Want to keep your employees chugging away in their office cubicles? (By which we mean, chugging like productive little choo-choo trains, not drinking beer like it’s their job.) The answer might be to redecorate the place. As strange as it sounds, studies have shown that the color of the walls can affect the productivity of the people who work within them. Here are three great colors to pick for your office space — and three you might want to avoid.
The Best Colors for Office Productivity
We may be “blue” when we’re feeling down, but a blue room probably isn’t the cause. That’s because blue is one of the more emotionally comfortable colors you can choose for a work environment.
Ditto green, which is another soothing, natural color ideally suited for creative environments. More energetic and less conservative than blue, green will probably become an increasingly popular color for offices, thanks to the growing green movement. You can’t really have any kind of ecologically-based business and avoid the green-themed office.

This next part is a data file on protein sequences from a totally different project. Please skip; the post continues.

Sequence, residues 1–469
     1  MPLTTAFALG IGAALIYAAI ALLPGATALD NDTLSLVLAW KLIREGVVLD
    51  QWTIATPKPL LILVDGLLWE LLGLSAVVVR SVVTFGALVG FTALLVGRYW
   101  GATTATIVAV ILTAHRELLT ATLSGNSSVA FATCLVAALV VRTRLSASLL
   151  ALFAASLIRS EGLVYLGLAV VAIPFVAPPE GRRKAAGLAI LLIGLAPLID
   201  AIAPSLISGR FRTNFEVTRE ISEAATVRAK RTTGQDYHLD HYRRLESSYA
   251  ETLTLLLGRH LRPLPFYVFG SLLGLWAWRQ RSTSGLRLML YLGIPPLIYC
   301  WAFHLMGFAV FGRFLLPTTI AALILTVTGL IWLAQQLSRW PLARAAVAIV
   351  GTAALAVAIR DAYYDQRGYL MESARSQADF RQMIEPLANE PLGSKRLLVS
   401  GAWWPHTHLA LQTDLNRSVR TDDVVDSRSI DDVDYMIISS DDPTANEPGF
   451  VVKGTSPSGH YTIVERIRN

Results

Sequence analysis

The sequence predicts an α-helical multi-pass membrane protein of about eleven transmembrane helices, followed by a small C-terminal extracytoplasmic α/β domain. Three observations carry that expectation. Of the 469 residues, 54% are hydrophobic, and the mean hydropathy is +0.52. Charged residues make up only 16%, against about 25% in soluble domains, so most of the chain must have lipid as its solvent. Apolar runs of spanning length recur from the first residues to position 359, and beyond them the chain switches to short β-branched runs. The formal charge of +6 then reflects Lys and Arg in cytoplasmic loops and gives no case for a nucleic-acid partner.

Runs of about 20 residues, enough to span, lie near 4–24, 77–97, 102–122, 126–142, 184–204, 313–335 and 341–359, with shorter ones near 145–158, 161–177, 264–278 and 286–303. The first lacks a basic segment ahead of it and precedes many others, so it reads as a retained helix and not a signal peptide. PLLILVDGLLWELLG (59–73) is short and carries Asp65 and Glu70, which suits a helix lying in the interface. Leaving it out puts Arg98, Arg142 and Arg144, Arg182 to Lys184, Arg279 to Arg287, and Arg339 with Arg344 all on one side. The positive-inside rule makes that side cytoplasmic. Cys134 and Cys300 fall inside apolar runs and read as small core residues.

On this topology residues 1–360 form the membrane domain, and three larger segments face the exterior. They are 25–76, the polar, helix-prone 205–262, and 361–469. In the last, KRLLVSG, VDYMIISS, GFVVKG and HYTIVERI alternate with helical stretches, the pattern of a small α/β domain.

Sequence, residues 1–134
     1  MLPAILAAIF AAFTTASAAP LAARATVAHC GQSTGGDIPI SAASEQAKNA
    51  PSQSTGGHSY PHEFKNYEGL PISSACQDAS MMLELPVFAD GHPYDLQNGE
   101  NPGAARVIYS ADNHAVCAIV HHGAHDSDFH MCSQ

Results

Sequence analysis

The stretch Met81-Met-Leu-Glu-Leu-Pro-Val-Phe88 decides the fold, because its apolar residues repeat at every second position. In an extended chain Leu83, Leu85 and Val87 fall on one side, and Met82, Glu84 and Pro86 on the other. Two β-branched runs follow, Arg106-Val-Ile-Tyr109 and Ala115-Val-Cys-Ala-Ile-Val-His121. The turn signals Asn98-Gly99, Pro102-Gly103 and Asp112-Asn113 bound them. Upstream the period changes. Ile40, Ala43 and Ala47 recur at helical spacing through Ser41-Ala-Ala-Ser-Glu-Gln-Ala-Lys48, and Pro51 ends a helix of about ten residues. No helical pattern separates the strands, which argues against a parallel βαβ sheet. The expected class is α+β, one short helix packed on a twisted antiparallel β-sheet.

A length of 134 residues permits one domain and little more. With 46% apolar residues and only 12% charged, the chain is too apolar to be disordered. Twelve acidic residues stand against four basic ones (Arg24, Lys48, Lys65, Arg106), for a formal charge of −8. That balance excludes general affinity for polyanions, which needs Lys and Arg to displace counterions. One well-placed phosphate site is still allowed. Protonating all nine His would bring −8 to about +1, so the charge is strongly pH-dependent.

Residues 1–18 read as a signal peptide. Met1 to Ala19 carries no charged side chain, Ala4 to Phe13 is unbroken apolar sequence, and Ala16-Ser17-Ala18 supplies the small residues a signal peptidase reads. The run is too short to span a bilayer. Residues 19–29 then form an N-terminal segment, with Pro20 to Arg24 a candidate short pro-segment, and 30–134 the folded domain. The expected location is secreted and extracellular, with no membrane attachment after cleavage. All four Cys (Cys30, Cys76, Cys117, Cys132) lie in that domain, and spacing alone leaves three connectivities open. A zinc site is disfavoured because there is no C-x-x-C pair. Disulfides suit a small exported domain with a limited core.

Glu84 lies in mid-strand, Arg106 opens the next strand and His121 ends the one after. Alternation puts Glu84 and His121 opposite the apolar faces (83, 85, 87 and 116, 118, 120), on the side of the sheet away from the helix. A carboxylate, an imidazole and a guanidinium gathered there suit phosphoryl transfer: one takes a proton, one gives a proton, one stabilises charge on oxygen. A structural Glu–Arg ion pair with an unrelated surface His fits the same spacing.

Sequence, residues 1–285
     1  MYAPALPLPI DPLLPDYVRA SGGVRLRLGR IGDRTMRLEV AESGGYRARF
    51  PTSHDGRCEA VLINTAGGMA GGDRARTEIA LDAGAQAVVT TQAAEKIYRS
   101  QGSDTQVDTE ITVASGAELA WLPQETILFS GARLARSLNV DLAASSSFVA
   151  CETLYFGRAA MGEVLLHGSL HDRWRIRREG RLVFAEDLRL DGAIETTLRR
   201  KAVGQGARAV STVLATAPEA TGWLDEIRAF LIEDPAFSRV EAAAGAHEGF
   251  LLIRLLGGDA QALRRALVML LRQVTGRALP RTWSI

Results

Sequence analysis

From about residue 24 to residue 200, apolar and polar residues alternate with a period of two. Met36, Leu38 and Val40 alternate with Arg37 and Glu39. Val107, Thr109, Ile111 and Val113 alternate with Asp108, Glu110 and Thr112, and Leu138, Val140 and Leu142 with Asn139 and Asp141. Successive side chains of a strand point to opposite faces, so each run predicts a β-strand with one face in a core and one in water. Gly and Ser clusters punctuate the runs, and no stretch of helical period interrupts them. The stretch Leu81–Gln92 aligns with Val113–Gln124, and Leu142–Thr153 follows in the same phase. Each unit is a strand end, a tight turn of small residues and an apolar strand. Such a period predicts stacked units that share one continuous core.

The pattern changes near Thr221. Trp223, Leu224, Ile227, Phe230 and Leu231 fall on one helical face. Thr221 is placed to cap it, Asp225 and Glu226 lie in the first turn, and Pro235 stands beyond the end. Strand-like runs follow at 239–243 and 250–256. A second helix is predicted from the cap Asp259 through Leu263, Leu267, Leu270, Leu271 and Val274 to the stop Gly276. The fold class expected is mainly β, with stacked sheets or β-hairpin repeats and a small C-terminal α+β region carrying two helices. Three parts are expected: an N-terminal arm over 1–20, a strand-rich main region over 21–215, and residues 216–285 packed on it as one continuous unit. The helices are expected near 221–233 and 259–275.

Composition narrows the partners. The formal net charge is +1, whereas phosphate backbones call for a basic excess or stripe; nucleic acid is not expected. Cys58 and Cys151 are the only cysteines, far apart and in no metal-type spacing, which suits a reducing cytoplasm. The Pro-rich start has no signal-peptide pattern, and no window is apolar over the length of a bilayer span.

This is the dark horse of the color race. Most people just don’t think of purple as a corporate color. It seems a bit too showy and dramatic for the average office — which might make it a good choice for a certain type of creative industry. Purple can encourage creativity and teamwork, which makes it a good choice for design firms.
On the Fence:
Norbert Schwartz, a psychologist at the University of Michigan, says that red environments make people more excited and more energetic, which in turn makes people better at paying attention to the small stuff. For some reason, agitated people seem to be better at detail-oriented work. Which is great, if you’re an accounting firm and also don’t care about raising your workers’ stress levels, and not so great if you need creative work from people or want them to be, you know, happy.
Have you ever stared at a white wall until your eyes started doing that strobe effect thing? You’ve just proved a point, which is that white is not exactly a relaxing color for a work environment. Basically, as this article points out, you wouldn’t want your therapist’s office to be painted bright white, but it might be reassuring in a hospital setting.
Always a Bad Idea: Yellow
Most of the colors on this list are if/then propositions. If you’re an ad agency, you might want to think about purple. If you’re a hospital, white might be OK. The exception to this rule is yellow, which seems to always be a bad idea for work environments. Unless your goal is to make your workers angry, agitated, and unable to concentrate, then yellow is not the color for you. Come to think of it, we did see a lot of yellow the last time we were at the DMV.